Recently I’ve begun sending out resumes and applying for new jobs. Starting a new firm in a place where you don’t know anyone is difficult, to say the least. We’re actually doing pretty well getting our name out there. Our clients are growing and a number of new clients are referrals from previous ones, the best kind of positive feedback. But starting from the ground up is costly and building up a business takes time. While that continues, I am looking for jobs elsewhere, part-time or full, to provide supplemental income until we get more off the ground.
One place I applied was a national chain bookstore. I
am obsessed with love books and reading and certainly never minded working retail so it seemed like a good fit. The store was hiring for the holidays so why not, right? Hah, famous last words …
When the assistant manager called, she said it would be a ‘group interview’ on Sunday morning at 7 a.m. I wasn’t clear on how a group interview works but I didn’t give it a lot of thought. Probably just bring several of us in, talk to us as a group, then something one or two at a time. It didn’t strike me as all that unorthodox considering they’re simply hiring several people for the holidays, not for the next ten years. Obviously the hour seemed unappealing but eh, that’s how it goes.
Sunday morning arrived and I went in with about 12 other people ranging in various ages from much younger to much older than me. We put on name tags and then formed a circle. We had to introduce ourselves, tell where we’re from and a little about ourselves. As a long-confirmed introvert, I loathe these kinds of group intros but I wasn’t going to immediately slide into negativity and reminded myself, if you have a group of 12 people, this is likely an efficient introductory process Looking back, of course, I see just how naive I was.
After the intro portion of the interview, we then had to go around and explain which fictional character we would like to be and why. Now, at this point, internal alarms were starting to dimly go off as I wondered, exactly what kind of fresh hell is this? But I was still trying to be positive and find some logic to this method. Inherently, this portion would indicate whether we know at least a little something about books. Though, let’s be honest, there really isn’t anyone who can’t come up with ONE character and it isn’t difficult to offer a short reason for your choice. So, I was skeptical at how much substance this would offer. Admittedly, I’d learned I wanted to avoid at least one woman who said she was not only from Texas but proud of it. However, I doubt the managers also considered that a deal-breaker on hiring.
At some point in here, the four managers told us these activities were just to put us at ease and not a formal part of the interview … and wrote notes the whole time.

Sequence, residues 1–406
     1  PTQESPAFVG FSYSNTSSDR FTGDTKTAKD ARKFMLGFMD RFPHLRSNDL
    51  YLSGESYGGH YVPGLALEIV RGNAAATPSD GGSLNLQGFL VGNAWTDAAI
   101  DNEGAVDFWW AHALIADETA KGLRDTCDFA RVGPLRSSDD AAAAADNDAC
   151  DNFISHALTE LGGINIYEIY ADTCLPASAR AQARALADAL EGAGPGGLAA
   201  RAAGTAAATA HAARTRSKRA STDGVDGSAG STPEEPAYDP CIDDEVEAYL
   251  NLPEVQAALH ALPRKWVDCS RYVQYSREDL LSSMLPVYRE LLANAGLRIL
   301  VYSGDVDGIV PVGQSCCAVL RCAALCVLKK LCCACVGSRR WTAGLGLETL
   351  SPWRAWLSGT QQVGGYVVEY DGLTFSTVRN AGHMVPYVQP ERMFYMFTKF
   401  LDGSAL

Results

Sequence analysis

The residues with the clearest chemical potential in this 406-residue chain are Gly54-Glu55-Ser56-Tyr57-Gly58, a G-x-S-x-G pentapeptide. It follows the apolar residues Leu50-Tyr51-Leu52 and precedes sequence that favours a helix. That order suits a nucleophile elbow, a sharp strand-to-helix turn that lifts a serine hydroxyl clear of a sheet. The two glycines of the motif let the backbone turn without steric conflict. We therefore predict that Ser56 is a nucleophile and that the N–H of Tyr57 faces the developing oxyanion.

Then the real fun began.
We were each given a blank index card. We were told to write a “what if” question on it. The only example given was “What if Payton Manning had never come to the Broncos?” Um, okay. I finally came up with some inane question. Then we were told to pass the card to the right where that person had to write an answer on the back of the card to whatever question they’d received. Honestly, I would have liked receiving the ‘Payton Manning never coming to the Broncos’ question. I could have responded to that with a myriad of short answers, both substantive and witty. But no. I did not receive such a question. Instead, the older woman next to me had written, “What if you were an alien visiting Earth from the planet Cozoon?”
Let that sink in for a moment. Perhaps your thoughts will reflect mine, which could be deduced to, “What? The? Hell?” Granted, I haven’t been through the interviewing process in a while so perhaps I’m just a little behind the times but I’m at a loss as to how me answering a question about being an alien from Cozoon is indicative of whether I would be a valuable retail bookstore employee. (I did ask the woman if Cozoon was perhaps a literary or even pop culture reference I’d just missed along the way. You know, like maybe a question about attending school at Hogwarts or living in Panem but no, she was delighted to say she’d just made it up. Precious.)
Turns out, we then had to pass the cards two people down where one person read the question on their card and the next person read the answer on theirs – so that the questions and answers didn’t line up but would, ideally I suppose, be humorous. Like a very jacked-up form of Mad Libs. It didn’t really provide that many funny moments, unfortunately, just nonsensical responses and me wondering if I was being punked because surely, this wasn’t legitimate.
Turns out it was though, at least in their minds. There were other interesting aspects, like questions being posed to the circle of ‘what does sales mean to you’ that people were just supposed to spontaneously answer. The other aspect that stands out is when I was handed a stapler and told “Sell this to me.” I did at least ask if there was any context for this but was told, “No, just sell it to me.” A stapler. Not red.
The whole process lasted two hours. I’ve replayed it in my head a million times. I’m not really sure what I think that will accomplish since I don’t think there is any rhyme or reason to their methods. Frankly, it’s possible PTSD might rear it’s head the next time I interview if someone mentions the planet of Cozoon. I would wonder at the odds of that happening twice if not for how astronomical they had to be that it would happen once.
They were going to contact people for second interviews that afternoon but I didn’t hear from them, not that I in any way expected to. I told Jodi when I got home there was just no way I was going to be hired. Whatever they were looking for in that interview, I assure you they didn’t find in me.
So, yeah, job hunting. This is going to be fun.